Answer: Because lilacs develop next year's flower buds immediately after flowering finishes, the best time to prune is as soon as the flowers are spent. If you prune later in the summer, you may be pruning off next spring's flower display. If that doesn't matter to you, you can prune any time during the summer. If you're transplanting a lilac, it isn't necessary to prune it back at planting. In fact, the act of being transplanted will be enough of a shock to your lilac and pruning will just add insult to injury. I'd plant it, give it an entire season or more to become established and then prune it in late spring after it has flowered. If it doesn't flower on schedule, prune it in late spring, just as if it had flowered. Pruning at that time will encourage new growth which (hopefully) will include the development of flower buds for next year's display.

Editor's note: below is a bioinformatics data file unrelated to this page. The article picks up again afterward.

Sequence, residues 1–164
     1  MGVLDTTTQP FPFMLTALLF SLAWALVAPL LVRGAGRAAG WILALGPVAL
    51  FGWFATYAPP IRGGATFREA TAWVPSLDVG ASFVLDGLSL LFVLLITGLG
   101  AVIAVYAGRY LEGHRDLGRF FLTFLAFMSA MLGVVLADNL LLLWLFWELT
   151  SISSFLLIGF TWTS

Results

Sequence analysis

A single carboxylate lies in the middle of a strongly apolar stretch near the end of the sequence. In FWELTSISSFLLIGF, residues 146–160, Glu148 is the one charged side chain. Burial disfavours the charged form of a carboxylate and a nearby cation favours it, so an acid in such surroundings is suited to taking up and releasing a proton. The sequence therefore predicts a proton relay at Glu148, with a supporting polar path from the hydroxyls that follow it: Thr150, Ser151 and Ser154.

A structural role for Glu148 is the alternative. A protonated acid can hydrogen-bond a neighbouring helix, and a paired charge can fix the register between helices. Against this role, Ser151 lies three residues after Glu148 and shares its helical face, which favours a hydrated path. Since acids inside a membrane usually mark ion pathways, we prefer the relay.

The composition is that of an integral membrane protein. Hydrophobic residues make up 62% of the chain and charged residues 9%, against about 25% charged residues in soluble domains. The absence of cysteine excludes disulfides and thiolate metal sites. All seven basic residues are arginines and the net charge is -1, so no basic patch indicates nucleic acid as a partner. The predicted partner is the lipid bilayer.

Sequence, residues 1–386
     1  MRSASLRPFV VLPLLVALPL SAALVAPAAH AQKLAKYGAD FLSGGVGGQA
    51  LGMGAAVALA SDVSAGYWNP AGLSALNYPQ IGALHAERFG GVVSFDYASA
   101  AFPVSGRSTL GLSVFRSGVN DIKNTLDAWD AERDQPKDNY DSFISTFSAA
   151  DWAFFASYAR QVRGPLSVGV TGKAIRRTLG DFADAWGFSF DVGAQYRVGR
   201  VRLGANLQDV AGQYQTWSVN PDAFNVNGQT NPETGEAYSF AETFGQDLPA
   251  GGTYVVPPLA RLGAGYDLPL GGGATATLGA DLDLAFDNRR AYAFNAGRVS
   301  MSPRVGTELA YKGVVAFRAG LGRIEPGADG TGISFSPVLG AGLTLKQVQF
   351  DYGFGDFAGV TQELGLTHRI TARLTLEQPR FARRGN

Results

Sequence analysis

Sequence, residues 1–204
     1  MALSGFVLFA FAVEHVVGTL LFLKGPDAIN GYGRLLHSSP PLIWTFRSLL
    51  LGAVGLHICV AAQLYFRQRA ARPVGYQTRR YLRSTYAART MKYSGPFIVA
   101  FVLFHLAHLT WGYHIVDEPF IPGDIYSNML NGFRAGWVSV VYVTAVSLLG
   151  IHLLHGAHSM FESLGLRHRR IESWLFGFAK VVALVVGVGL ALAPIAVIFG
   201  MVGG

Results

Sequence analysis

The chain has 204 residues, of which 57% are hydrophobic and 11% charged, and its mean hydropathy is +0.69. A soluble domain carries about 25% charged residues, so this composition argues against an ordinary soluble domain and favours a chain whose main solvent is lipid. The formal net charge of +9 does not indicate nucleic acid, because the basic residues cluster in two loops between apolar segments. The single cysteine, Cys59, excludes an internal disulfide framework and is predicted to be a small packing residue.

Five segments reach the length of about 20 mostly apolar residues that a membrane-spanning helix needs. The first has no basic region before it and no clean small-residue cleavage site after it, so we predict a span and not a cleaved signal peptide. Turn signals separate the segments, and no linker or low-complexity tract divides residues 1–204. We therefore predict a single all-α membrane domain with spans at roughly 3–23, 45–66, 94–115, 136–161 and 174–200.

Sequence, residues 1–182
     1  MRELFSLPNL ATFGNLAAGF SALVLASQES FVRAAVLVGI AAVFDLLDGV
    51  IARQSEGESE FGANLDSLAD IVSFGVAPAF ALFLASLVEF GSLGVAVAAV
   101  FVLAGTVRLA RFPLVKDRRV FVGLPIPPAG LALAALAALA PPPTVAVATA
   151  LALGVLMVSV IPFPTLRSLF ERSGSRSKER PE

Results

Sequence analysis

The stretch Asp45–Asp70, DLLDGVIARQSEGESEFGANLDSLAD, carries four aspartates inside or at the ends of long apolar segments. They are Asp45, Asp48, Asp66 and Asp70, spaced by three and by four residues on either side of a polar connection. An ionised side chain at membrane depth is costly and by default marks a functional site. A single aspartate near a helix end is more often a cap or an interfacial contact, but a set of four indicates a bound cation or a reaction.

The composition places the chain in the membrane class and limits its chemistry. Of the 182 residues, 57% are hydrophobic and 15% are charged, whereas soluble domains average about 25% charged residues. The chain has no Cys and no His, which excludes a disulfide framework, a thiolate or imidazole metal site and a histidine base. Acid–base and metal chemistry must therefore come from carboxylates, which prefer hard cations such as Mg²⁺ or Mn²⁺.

Best wishes with your lilac!
Q&A Library Searching Tips